Moss lawn with stepping stones. Photo: Suzanne Campeau, Bryophtya Technologies.

The ultimate lawn for shady spots is a moss lawn. It’s green all year, never needs mowing, is highly drought tolerant, will put up with any kind of weather, and is extremely shade resistant: what more could you possibly ask for? Since you want the look of a living green carpet in those shady spots and lawn grasses simply don’t grow well in the shade, sometimes a moss lawn is really your only alternative!

Of course, moss lawns do have a major flaw: they are simply not very tolerant of foot traffic. That’s because they have no roots to fix them firmly to the ground and excessive movement will tear them loose. Yes, you can walk across a moss lawn occasionally without damaging it, especially if you put your foot down flat, but walking quickly, running, or playing will soon ruin it.

That’s why, if there are any sections where there will be regular foot traffic, it’s better to install a path or stepping stones through the moss.

Otherwise, though, mosses really make an almost perfect lawn.

Easy Does It

The most laidback way to install a moss lawn is to buy sections of living moss. Yes, just like you’d buy sections of sod to create a grass lawn.

Adding moss carpets to the landscape. Suzanne Campeau, Bryophyta Technologies.

Bryophyta Technologies, for example, offers perfect squares of moss carpet grown on a thin fabric base that you can assemble readily, just like a sod lawn, and can also cut to the desired shape.

Other sources, like Moss Acres and Mountain Moss offer irregular patches of wild-harvested moss that you must assemble yourself, like a green jigsaw puzzle… but at least a jigsaw puzzle where you’re allowed to cut pieces to fit!

In addition, most moss suppliers offer different varieties of moss suitable for all climates and growing conditions.

If you purchase living moss, you simply have to prepare the soil, weeding thoroughly first, then install the moss, holding it in place with staples or small pegs. And there you go: a moss lawn!

Contact the suppliers for more details.

A Lawn of Native Moss

If your budget doesn’t allow you to buy moss sections, you can still install a moss lawn using wild moss from your neighborhood. Here’s how.

Although theoretically you can install a moss lawn at any season, it’s more practical to do so when the soil is moist and will remain so for some time. In most climates, that would be in the early spring, but if you live where fall is the rainy season, that would be the best time to start.

First do a soil test. You’ll be looking for a pH of 5.0 to 5.5 (distinctly acid). It’s not that mosses need a acid soil in which to grow (they’ll thrive in almost any soil; in fact, even without soil), but an acid soil will make the surface less appetizing for invasive plants that would otherwise be difficult to control in a moss lawn. If the soil is not acid enough, add garden sulfur (available in garden centers) to bring its acidity down to the desired level.

Next, remove any other small understory plants that might outcompete mosses if left in place. Trees and shrubs are not a problem.

Roll the soil to compact it.

Now compact the soil with a water-filled lawn roller (you can readily rent one from a tool rental company). Again, this isn’t really for the mosses themselves, but in order to keep undesirable plants from setting up shop. Having no roots, moss doesn’t require the deep, loose soil most higher plants prefer and will thrive on compact, rock-hard soil.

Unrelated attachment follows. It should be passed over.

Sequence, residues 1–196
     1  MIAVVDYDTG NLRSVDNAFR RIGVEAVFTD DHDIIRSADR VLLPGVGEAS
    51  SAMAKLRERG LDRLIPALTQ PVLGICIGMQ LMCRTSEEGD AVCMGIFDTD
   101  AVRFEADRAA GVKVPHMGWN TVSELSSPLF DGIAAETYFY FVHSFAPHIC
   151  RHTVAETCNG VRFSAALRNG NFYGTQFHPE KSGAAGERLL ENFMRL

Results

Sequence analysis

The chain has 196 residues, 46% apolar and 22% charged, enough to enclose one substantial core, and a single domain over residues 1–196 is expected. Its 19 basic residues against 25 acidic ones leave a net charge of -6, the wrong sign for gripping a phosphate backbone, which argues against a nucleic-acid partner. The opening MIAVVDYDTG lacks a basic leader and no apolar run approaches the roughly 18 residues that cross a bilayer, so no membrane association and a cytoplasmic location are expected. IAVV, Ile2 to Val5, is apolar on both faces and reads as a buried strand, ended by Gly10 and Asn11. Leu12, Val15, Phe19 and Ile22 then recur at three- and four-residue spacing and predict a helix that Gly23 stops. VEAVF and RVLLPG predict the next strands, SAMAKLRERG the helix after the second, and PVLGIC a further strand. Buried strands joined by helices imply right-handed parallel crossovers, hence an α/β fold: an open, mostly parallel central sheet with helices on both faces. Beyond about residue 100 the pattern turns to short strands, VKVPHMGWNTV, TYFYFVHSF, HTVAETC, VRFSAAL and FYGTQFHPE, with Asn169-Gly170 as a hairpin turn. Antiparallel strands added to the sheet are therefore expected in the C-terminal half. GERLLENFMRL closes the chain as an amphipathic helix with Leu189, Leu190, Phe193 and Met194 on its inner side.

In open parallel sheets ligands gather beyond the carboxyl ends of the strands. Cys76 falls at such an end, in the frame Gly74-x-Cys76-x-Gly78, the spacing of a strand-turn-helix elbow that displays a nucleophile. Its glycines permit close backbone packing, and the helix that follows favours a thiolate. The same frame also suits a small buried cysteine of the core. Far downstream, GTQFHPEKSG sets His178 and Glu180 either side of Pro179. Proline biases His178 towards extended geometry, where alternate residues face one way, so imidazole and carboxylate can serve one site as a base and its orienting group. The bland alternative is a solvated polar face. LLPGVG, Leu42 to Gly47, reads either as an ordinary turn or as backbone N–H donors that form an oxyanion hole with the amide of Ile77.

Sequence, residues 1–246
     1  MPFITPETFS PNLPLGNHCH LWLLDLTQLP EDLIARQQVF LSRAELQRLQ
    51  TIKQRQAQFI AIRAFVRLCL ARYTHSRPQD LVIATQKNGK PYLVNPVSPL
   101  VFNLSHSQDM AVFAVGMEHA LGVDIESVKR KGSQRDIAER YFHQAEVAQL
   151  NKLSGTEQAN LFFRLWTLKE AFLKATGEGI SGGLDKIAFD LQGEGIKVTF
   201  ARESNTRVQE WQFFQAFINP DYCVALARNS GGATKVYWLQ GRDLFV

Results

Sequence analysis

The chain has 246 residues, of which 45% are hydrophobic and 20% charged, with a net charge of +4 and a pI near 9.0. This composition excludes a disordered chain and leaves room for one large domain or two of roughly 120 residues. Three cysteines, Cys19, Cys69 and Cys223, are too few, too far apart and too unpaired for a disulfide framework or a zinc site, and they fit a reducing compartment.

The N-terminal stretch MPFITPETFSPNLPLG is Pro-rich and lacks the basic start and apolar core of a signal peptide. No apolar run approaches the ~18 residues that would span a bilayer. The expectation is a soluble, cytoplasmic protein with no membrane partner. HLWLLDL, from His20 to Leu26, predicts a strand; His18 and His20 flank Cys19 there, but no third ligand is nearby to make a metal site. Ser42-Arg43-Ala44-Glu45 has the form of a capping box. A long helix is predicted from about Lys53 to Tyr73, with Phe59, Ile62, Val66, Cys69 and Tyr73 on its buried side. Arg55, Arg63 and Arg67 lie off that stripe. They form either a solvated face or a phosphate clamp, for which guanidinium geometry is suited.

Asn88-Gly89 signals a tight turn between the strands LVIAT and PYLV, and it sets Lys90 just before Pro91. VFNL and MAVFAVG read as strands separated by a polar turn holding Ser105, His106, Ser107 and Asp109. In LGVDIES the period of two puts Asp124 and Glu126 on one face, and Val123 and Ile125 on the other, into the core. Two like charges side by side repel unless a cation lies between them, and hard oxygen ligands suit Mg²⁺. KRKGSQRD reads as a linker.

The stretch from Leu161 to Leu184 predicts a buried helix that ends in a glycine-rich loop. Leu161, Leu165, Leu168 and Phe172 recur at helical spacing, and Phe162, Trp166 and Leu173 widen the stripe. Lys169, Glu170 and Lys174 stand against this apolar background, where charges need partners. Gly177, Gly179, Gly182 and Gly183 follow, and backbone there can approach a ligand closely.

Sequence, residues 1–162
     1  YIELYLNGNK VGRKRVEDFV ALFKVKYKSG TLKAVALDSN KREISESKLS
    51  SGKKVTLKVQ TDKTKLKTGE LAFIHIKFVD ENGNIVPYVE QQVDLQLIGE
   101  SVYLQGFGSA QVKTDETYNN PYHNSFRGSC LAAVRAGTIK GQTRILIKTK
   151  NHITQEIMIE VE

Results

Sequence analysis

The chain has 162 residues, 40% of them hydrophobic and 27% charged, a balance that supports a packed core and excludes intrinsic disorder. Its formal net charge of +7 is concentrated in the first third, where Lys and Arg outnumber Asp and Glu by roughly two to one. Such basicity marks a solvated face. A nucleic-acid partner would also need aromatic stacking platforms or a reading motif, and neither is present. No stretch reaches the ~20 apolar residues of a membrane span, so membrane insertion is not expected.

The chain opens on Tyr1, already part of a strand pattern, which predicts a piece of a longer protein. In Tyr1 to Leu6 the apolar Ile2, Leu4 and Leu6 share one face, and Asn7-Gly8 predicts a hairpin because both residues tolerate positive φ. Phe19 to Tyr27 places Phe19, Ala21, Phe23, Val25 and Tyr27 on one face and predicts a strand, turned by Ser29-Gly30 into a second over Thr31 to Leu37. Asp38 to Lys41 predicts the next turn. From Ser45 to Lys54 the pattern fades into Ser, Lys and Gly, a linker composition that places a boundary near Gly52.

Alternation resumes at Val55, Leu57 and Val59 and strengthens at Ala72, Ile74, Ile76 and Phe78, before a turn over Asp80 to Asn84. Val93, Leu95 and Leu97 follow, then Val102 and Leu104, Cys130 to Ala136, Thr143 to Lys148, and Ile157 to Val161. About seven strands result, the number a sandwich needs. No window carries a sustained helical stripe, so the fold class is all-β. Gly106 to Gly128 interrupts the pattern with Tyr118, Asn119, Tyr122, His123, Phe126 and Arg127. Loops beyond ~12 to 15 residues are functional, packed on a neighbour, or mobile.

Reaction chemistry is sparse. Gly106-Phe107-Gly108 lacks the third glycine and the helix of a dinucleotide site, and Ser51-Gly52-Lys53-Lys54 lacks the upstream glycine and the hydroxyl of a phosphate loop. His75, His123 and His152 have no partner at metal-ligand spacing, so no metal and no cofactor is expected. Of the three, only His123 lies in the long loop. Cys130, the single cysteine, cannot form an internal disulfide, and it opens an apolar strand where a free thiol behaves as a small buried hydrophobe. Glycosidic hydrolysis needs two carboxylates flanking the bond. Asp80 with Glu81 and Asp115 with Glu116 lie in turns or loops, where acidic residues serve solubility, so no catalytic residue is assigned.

Harvest moss from elsewhere on your property or from a nearby site where you have been given permission to do so. Warning: it is illegal to harvest moss from parks and public lands!

Chop the moss into fragments.

Now run the moss through blender with a cup or two of water. This will break it up into small fragments, each capable of producing a new plant. No, it is not necessary to add yogurt, buttermilk or clay, contrary to a popular garden myth.

Rake to spread the fragments evenly.

Pour the mixture here and there, then spread it evenly with a rake. Roll again to fix the moss to the ground.

Mist the moss lawn regularly.

The final step is especially important in drier climates, or during drier seasons. Temporarily install a mister or a very fine sprinkler that will cover the entire surface of the new moss lawn. The idea is to create a fog or mist, not a heavy rain. Now, twice a day, sprinkle lightly for 15 minutes (use a timer to automate the misting). This will keep the moss slightly damp at all times, stimulating renewal and growth.

After 5 weeks, your moss lawn should be well underway and you can begin to wean it from the fog system over a period of about 3 weeks, dropping to one session per day and then one every 2 days, then none whatsoever. It takes about 2 to 3 months to create a moss lawn that is still thin, but at least presentable.

The following year, your moss lawn will be better established and will densify and thicken with no help from you. You’re now well on your way to the most laidback lawn in town!20160707J

Garden writer and blogger, author of 65 gardening books, lecturer and communicator, the Laidback Gardener, Larry Hodgson, passed away in October 2022. Known for his great generosity, his thoroughness and his sense of humor, he reached several generations of amateur and professional gardeners over his 40-year career. Thanks to his son, Mathieu Hodgson, and a team of contributors, laidbackgardener.blog will continue its mission of demystifying gardening and making it more accessible to all.

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